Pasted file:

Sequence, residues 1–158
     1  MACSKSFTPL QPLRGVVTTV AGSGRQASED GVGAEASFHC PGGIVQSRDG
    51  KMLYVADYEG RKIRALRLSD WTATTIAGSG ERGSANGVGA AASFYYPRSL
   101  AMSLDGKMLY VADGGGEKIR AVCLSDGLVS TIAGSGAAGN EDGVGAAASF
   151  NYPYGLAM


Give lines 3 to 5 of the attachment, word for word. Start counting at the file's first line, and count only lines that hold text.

    51  KMLYVADYEG RKIRALRLSD WTATTIAGSG ERGSANGVGA AASFYYPRSL
   101  AMSLDGKMLY VADGGGEKIR AVCLSDGLVS TIAGSGAAGN EDGVGAAASF
   151  NYPYGLAM